What is the ASRock Fatal1ty X370 Professional Gaming?
The latest gaming board from ASRock mixes the venerable Fatal1ty brand with the latest technology from AMD. Its £259/$332 price is high, but it’s packed with features.
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ASRock Fatal1ty X370 Professional Gaming – Design and Features
The priciest AMD board I’ve tested wields the full might of AMD’s top-tier chipset. The X370 silicon has more USB and SATA connections than any other new AMD chipset, and it has extra PCI-Express lanes – ideal for really going to town on super-fast storage and GPUs.
It’s also the only new AMD chipset to support multi-GPU on Nvidia cards – the B350 chipset also runs CrossFire for AMD’s hardware.
ASRock has used the chipset’s power to support four Nvidia and AMD cards. It’s one of the only gaming boards around to still offer this feature, which will appeal to the most demanding of enthusiasts – whether it’s for gaming, work, or bitcoin mining. The board’s bottom edge continues to attract high-end users with power and reset buttons and a two-character POST display.
In fact, excess is a theme in other areas of this board. I’ve not seen a motherboard with ten SATA 3 ports before, and they’re partnered with two M.2 connectors – so even the keenest of storage fiends will be sated. Two of the PCI slots are surrounded by steel to support the beefiest graphics cards, and the base clock engine on this board can be tweaked to finer margins than on most other boards. That’s another little detail that overclockers will appreciate.
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The ASRock is similarly over-the-top in more conventional areas. You won’t find many motherboards that run their DDR4 faster than 3200MHz, and the board includes RGB LEDs in its heatsinks and audio circuits – and it has two headers that are compatible with light-strips. Many other boards just have one.
The AMD AM4 socket and its quartet of memory slots are accompanied by three PCI-Express x16 slots. Two of them run together in 8x mode, which means they’re ideal for multiple graphics cards, and there are two PCI-Express x1 sockets. The board has plenty of USB and fan headers, including one header tuned to work with water pumps.
It’s got Creative Sound Blaster 3 audio and accompanying software. It also has software tools for editing macros and adding a sniper mode to your mouse, and the BIOS is reasonably intuitive too – not as easy to use as Asus’ software, perhaps, but decent. ASRock also includes accessories, including two Wi-Fi aerials and a high-bandwidth SLI bridge.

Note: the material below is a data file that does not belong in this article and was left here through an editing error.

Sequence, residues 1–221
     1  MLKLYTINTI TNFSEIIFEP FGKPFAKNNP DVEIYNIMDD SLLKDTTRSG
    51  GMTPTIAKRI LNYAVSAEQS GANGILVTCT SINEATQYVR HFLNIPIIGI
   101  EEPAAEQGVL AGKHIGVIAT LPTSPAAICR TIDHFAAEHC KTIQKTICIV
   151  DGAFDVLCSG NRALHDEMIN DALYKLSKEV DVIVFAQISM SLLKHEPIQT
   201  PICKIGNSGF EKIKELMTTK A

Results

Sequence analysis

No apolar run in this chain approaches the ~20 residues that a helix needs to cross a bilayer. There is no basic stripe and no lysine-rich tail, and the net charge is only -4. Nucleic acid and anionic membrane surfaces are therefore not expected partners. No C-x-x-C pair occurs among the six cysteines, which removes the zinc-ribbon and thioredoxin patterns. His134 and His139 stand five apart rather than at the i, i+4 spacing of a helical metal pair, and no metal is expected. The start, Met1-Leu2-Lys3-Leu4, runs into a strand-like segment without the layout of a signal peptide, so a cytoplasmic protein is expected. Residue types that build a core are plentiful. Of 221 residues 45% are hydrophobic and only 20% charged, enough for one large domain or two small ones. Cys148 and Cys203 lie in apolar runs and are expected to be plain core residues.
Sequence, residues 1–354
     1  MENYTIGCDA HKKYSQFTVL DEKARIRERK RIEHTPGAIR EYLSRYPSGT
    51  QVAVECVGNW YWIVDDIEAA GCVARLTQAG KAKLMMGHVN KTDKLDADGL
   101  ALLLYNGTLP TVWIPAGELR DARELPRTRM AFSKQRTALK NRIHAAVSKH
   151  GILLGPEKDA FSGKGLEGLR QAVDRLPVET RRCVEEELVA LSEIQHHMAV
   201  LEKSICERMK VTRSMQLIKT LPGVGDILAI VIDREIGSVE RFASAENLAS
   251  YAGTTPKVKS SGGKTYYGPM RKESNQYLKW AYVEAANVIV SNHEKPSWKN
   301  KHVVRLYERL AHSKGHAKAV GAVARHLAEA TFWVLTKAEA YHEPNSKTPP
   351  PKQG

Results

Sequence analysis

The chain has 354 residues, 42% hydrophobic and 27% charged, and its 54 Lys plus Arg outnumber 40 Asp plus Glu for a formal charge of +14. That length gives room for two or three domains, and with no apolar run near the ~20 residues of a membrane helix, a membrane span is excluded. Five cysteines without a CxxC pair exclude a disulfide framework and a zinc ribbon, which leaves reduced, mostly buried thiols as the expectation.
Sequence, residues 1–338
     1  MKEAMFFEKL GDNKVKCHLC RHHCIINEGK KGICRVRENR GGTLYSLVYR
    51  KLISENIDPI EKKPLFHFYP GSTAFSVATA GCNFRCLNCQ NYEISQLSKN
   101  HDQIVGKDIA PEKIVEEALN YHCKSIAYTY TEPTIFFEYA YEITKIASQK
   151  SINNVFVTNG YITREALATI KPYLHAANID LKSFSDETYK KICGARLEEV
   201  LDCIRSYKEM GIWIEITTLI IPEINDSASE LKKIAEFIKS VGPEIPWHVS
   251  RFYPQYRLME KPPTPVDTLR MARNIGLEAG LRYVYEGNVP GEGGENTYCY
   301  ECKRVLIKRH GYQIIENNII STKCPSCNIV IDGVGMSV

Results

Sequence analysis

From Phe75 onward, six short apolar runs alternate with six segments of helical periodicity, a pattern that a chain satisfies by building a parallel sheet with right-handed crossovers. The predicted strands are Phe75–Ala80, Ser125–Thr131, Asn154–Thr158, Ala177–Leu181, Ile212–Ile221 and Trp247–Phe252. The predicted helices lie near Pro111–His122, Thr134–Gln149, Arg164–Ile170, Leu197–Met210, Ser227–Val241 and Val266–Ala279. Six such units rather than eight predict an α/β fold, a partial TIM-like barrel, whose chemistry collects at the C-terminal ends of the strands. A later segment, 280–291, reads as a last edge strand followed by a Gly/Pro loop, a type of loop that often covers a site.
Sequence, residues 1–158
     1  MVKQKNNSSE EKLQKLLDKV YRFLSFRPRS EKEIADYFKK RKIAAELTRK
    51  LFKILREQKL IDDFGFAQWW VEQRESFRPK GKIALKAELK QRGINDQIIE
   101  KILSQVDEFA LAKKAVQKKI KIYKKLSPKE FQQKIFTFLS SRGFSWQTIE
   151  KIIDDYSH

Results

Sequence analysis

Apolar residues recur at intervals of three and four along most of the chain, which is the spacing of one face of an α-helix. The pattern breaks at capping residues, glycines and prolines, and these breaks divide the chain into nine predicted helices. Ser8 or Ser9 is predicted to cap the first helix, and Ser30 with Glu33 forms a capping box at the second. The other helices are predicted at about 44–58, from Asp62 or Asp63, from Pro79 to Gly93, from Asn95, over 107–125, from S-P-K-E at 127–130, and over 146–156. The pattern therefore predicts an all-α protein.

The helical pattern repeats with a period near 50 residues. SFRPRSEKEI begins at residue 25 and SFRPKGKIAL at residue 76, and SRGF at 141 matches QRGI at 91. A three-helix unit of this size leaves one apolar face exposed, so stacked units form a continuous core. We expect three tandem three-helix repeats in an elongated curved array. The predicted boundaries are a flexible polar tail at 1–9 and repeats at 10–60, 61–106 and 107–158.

It certainly looks the part. Its heatsinks show off deep, metallic red sections, and the heatsinks around the CPU socket merge with a dark, chunky shroud that covers the rear IO. That rear section is well-stocked, too: plenty of USB 3.1 ports, a Clear CMOS button button and two Ethernet ports take pride of place. There are also two connectors for the Wi-Fi aerials that arrive in the box.
There isn’t much missing from this board, then – I’d have preferred a third PCI-Express x1 socket, but that’s about it.
ASRock Fatal1ty X370 Professional Gaming – Performance
This AMD-based board might be designed for gaming, but that’s not where the ASRock truly impressed in benchmark tests.
Its best scores came in application benchmarks: its single- and multi-core Geekbench 4 results of 4561 and 23,597 are the best I’ve seen from an AMD Ryzen board – others have done better in individual tests, but no product has done this well in both.
Those impressive application speeds are bolstered by SSD performance. The ASRock zipped through the CrystalDiskMark read and write benchmarks at 522MB/s and 516MB/s – again, the best from the latest bunch of AMD-based products.
Its 3D Mark result of 6923 is good, but it’s not great – the MSI X370 Gaming Carbon was marginally faster. It’s not enough to make a difference in most games, but it’s an important statistic if you want the fastest board around.
It’s a mixed back when it comes to power consumption, too: its idle power draw of 61W is high, but its peak figure of 119W is middling.
Should I Buy the ASRock Fatal1ty X370 Professional Gaming?
ASRock’s gaming board certainly looks the part, and it’s packed with features – to the point where, in some areas, it almost has too much to offer.
And, oddly, it’s not the best AMD board I’ve seen in gaming benchmarks – although it’s undeniably quick, it really shines in application tests.
When it comes to features on the AMD side of the fence, this is the busiest board I’ve seen. Combine that with its solid performance and it represents a great option if you’ve got a huge budget to match your high framerates.
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This board is packed with features that go a long way to justifying its high price, and it’s a solid performer too – although, surprisingly, it’s better in applications than in games. Despite that, it’s a great high-end choice for Ryzen rigs.